January 8, 2022 [Oil Review] – In late 2019, Africa Oil Corp president and CEO Keith Hill told Petroleum Economist that, given Africa’s unproven oil and gas basins, the continent was probably ‘the greatest frontier’, with outstanding opportunities for exploration, production and development companies, including independents
Three years later, the organisation is driving oil and gas exploration in the nation. It is part of a growing trend ofindependent oil and gas companies recognising the tremendous promise of the underexplored continent, finding ways to thrive, and making a positive impact.
Independents like Africa Oil Corp and BW Energy are building on their successful track records in exploration and production, and Perenco is building Africa’s natural gas industry. Trident Energy is finding ways to bolster production in mature fields, and Eco Atlantic has been convincing investors to stay. Companies like these are exactly what Africa needs. They’re bringing private capital, experience and know-how to the continent. They are accelerating resource monetisation and maximisation for the good of Africa.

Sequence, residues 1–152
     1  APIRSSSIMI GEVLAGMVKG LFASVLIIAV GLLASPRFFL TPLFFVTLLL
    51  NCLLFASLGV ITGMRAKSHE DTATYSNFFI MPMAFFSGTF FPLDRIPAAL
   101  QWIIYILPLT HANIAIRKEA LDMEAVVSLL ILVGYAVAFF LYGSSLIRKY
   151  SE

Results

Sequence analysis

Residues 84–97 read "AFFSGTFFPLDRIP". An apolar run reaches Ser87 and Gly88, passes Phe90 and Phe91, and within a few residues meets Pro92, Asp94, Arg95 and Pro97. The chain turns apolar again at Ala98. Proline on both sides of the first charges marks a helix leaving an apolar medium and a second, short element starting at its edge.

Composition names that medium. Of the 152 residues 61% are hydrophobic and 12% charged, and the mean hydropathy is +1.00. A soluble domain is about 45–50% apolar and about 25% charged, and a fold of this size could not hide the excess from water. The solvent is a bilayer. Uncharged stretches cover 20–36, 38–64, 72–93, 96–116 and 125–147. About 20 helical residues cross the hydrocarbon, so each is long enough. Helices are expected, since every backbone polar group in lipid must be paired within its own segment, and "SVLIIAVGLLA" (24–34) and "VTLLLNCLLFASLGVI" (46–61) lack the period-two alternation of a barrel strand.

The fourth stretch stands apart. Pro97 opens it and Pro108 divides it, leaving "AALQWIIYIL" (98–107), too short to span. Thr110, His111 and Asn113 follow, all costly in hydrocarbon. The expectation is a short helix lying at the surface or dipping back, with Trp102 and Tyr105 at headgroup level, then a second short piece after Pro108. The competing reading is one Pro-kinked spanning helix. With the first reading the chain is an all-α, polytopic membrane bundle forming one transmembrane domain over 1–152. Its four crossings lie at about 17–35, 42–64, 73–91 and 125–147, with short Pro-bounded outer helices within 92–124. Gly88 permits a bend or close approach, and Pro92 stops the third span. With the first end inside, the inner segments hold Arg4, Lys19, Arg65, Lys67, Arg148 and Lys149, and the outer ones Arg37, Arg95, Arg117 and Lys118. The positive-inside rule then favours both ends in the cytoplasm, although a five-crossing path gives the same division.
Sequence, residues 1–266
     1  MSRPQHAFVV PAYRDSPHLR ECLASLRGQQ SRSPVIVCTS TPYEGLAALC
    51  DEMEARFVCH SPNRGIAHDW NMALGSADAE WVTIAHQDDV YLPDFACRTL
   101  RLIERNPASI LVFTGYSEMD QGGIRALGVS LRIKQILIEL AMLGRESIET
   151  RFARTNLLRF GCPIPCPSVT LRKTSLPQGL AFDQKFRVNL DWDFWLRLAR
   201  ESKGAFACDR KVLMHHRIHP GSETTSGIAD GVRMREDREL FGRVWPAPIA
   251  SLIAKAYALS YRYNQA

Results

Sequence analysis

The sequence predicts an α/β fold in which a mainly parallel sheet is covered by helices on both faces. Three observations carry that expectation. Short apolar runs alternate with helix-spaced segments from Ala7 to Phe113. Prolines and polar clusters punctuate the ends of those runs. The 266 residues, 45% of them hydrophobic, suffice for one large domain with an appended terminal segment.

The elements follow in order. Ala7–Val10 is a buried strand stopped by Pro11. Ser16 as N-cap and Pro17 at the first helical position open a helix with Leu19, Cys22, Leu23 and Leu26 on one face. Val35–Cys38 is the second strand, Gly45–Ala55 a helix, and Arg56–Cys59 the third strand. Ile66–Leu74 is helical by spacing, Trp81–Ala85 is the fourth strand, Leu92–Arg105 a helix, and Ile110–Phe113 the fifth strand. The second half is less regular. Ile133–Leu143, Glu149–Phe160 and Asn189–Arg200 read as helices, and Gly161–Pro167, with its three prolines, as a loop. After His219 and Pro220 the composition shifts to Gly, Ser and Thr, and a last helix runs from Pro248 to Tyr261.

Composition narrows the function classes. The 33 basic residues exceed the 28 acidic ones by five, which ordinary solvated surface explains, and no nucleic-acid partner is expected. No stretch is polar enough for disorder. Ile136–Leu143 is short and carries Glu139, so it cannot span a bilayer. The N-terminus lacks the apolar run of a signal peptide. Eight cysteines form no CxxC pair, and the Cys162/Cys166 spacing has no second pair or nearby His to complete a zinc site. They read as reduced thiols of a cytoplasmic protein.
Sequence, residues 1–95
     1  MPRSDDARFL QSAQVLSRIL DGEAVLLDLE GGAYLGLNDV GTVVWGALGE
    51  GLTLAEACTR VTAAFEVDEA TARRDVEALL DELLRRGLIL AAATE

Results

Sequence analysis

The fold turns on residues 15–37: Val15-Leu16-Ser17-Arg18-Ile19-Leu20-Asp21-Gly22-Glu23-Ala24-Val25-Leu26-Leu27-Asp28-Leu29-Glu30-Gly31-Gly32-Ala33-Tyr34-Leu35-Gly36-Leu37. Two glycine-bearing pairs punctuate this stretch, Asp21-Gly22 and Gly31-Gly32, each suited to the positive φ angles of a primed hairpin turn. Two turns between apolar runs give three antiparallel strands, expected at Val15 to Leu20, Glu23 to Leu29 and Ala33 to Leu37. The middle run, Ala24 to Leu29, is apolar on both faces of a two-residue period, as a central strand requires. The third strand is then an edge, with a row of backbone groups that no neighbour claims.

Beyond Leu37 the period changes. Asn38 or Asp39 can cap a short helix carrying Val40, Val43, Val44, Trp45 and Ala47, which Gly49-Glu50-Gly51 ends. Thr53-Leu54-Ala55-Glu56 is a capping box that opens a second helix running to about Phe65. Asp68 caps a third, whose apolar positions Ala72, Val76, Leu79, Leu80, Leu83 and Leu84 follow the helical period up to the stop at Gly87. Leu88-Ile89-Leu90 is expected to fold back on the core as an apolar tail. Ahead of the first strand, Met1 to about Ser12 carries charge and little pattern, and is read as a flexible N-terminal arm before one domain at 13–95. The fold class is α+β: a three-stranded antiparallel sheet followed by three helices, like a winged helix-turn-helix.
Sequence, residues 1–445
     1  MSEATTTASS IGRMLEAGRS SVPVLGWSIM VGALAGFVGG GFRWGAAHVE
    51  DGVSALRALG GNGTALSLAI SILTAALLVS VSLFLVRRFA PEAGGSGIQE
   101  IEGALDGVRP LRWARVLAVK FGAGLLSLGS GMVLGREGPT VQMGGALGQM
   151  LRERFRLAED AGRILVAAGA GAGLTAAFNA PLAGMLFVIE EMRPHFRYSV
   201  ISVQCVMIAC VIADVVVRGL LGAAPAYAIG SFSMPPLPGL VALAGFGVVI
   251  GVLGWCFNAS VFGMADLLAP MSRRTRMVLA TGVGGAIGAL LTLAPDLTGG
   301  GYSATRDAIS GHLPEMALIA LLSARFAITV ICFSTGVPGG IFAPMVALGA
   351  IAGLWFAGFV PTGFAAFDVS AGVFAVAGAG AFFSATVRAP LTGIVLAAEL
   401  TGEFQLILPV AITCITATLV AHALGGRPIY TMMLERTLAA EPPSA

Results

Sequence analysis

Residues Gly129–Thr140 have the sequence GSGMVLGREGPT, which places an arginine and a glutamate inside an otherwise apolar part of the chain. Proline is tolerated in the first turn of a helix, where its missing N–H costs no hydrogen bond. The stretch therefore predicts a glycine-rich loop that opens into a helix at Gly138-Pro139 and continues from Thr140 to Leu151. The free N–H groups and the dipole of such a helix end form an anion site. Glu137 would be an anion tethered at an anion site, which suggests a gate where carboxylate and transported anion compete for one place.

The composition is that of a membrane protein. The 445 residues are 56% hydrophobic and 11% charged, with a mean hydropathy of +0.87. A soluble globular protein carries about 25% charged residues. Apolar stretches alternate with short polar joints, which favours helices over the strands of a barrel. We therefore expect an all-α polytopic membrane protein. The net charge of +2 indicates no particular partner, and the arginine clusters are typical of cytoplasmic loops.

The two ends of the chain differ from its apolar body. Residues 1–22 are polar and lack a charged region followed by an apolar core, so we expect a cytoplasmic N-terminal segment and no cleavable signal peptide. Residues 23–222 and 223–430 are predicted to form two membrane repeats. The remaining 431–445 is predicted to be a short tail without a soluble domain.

Capitalising gas resources
As David Christianson so eloquently put it in a recent blog for Trade Law Centre (tralac), a South Africa-based think tank, “Africa’s gas future is floating offshore”. Floating liquified natural gas (FLNG) units are an ideal way to capitalise on Africa’s abundant natural gas resources. They can be deployed rapidly and more affordably than onshore LNG trains, creating a practical pathway to gas monetisation. London-headquartered independent, Perenco, which has operated in Cameroon for nearly 30 years, is capitalising on these opportunities.